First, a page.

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Legislator calls on NA to expedite passage of wildlife Bill

Lamu East Member of Parliament Captain Ruweida Obo has called upon the National Assembly and the executive to expedite the passage of the Wildlife Conservation and Management (Amendment) Bill 2023.

The bill, which she sponsored in 2019, seeks to address compensation for victims affected by wildlife attacks. Highlighting the urgency of the matter, Ruweida emphasized the rising incidents of human-wildlife conflicts in the region.

She advocated for an expansion of the bill to include compensation for incidents involving sharks, stonefish, whales, and stingrays, which were previously excluded from the list of compensated wildlife species.

The National Assembly’s amendment of the Wildlife Conservation and Management Act in 2019 omitted several species from the compensation list, a move that Ruweida considers detrimental to victims of wildlife-related incidents.

On the just concluded Kenya Wildlife Recruitment, Obo voiced her apprehensions regarding the recruitment process, citing concerns over fairness and transparency.

Speaking to the media today, the Lamu East legislator criticised the KWS for allegedly favouring recruits from Lamu West over Lamu East.

The nationwide recruitment exercise, spanning five days from April 15 to April 19, aimed to enlist rangers and assistant wardens.

Out of the total recruitment quota of 1,350 rangers and 150 cadets (assistant warden I), Lamu County was allocated 20 slots.Captain Ruweida Obo highlighted what she perceives as disparities in the allocation of slots between Lamu East and Lamu West.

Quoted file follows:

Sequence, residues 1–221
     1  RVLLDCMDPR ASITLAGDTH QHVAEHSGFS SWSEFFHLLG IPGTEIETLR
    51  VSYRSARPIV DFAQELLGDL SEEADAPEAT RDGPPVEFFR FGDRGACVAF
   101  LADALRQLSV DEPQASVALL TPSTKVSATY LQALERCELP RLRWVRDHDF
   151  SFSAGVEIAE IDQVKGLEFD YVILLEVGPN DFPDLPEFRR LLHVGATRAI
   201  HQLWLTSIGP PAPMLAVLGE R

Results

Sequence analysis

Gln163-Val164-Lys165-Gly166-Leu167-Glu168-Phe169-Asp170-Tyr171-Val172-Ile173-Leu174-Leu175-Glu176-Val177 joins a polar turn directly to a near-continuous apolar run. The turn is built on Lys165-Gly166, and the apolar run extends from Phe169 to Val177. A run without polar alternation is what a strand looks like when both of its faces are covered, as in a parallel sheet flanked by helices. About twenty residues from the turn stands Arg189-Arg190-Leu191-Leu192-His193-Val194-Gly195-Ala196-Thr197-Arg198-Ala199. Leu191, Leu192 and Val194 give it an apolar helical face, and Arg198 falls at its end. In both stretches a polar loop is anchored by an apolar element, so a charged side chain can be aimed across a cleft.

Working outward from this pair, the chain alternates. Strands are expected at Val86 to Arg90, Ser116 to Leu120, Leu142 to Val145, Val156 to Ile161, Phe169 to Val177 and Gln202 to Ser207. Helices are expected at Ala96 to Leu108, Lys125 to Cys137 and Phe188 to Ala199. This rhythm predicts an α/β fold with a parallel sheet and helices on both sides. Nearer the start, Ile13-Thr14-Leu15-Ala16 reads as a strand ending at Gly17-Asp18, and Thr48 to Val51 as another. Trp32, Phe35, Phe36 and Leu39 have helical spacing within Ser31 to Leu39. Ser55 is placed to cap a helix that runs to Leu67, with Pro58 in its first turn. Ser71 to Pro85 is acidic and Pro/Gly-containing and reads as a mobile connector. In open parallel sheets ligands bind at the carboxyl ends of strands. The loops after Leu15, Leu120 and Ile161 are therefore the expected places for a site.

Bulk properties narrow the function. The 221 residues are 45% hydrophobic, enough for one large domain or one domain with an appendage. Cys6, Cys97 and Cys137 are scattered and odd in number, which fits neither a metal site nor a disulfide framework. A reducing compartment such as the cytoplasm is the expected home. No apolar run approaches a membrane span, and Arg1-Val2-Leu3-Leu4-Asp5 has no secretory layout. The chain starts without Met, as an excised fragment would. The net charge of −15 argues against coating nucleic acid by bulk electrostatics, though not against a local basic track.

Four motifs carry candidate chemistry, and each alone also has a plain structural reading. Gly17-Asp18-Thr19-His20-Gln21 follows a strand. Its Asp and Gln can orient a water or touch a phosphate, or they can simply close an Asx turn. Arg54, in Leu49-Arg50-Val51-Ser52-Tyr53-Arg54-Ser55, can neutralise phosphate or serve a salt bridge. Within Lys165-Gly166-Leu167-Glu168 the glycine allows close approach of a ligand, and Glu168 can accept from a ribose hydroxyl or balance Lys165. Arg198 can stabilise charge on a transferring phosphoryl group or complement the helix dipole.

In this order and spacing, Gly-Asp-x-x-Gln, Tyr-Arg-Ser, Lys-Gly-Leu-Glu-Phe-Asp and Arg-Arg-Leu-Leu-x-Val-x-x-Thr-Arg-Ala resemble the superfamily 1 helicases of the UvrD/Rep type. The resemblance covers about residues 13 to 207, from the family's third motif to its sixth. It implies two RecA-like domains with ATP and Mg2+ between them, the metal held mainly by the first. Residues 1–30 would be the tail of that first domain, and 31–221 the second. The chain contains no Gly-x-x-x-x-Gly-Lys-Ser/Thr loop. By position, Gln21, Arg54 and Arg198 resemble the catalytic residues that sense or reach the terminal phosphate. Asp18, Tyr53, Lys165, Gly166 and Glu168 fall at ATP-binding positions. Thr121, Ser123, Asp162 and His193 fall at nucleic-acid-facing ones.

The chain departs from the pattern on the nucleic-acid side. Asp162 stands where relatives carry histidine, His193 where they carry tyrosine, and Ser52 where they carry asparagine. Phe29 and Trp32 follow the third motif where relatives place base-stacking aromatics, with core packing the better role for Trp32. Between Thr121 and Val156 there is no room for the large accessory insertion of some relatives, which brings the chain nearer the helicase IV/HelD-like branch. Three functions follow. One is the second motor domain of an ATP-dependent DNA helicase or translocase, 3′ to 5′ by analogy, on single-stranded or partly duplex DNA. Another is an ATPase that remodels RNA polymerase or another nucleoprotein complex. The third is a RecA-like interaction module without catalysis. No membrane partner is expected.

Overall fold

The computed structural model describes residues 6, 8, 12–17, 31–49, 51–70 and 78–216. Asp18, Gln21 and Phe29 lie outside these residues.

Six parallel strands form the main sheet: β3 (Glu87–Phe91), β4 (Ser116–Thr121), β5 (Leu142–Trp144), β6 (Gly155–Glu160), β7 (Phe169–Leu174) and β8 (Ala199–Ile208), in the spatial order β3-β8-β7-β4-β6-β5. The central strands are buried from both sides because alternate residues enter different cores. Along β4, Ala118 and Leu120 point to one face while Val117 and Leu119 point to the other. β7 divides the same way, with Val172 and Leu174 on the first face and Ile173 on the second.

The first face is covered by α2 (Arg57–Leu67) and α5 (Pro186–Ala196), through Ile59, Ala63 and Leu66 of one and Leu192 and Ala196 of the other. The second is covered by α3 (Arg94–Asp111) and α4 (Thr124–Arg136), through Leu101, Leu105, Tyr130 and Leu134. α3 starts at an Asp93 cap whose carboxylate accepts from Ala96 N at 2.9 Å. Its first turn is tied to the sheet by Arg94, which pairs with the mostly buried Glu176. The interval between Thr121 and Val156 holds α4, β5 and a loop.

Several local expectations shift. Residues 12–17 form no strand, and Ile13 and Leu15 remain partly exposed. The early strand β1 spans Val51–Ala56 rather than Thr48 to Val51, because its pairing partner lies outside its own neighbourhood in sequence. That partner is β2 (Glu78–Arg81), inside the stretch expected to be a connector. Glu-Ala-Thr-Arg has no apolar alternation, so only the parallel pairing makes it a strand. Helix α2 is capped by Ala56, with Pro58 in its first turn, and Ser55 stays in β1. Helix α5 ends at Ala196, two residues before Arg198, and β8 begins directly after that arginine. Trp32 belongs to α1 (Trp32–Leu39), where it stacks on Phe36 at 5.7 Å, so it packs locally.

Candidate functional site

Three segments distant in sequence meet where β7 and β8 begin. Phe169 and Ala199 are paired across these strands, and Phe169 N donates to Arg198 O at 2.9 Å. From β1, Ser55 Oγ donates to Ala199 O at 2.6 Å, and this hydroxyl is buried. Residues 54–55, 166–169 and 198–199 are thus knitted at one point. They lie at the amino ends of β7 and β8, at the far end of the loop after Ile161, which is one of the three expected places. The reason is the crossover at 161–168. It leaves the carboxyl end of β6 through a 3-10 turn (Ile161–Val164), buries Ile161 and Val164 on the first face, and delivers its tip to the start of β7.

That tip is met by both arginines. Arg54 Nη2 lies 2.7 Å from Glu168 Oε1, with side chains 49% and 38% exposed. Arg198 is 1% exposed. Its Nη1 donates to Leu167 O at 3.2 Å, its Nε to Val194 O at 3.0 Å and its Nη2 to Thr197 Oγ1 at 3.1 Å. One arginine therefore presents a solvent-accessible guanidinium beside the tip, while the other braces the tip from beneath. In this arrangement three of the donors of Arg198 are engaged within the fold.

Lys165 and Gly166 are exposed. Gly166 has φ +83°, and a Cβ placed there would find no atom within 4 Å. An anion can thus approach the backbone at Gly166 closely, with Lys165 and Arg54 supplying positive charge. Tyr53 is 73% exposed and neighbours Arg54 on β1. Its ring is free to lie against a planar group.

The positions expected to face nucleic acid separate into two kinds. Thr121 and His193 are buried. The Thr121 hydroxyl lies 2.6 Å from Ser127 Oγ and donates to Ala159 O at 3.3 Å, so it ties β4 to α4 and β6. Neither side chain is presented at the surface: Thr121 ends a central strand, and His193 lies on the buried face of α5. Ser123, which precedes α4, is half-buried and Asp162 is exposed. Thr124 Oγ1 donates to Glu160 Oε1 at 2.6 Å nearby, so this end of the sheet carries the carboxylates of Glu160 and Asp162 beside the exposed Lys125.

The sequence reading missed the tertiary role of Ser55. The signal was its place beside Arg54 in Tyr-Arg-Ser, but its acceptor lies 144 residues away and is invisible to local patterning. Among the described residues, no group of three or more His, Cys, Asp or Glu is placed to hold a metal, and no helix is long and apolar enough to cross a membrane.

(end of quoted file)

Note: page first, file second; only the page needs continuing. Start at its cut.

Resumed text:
According to her statement, Lamu East secured only 4 slots, while Lamu West received 6.

She further emphasised that a significant portion of the positions went to National Youth Service (NYS) graduates based in Lamu, as per President William Ruto’s directive of reserving 80 per cent of recruits in national security agencies and services for NYS graduates.

Expressing her dismay, Captain Ruweida Obo emphasized the abundance of game and marine reserves in Lamu East, suggesting that more opportunities should have been allotted to its youth.

“This recruitment process undermines the aspirations of Lamu East youth, who are equally deserving of opportunities in the conservation sector,” she asserted.

The MP underscored long-standing grievances regarding biased recruitment practices in Lamu County, particularly affecting Lamu East, which has historically been marginalised.

“Fairness in recruitment is essential for ensuring equitable distribution of opportunities across the country, especially in marginalised areas,” Ruweida remarked, urging for a more inclusive approach to government job recruitment.

By Amenya Ochieng

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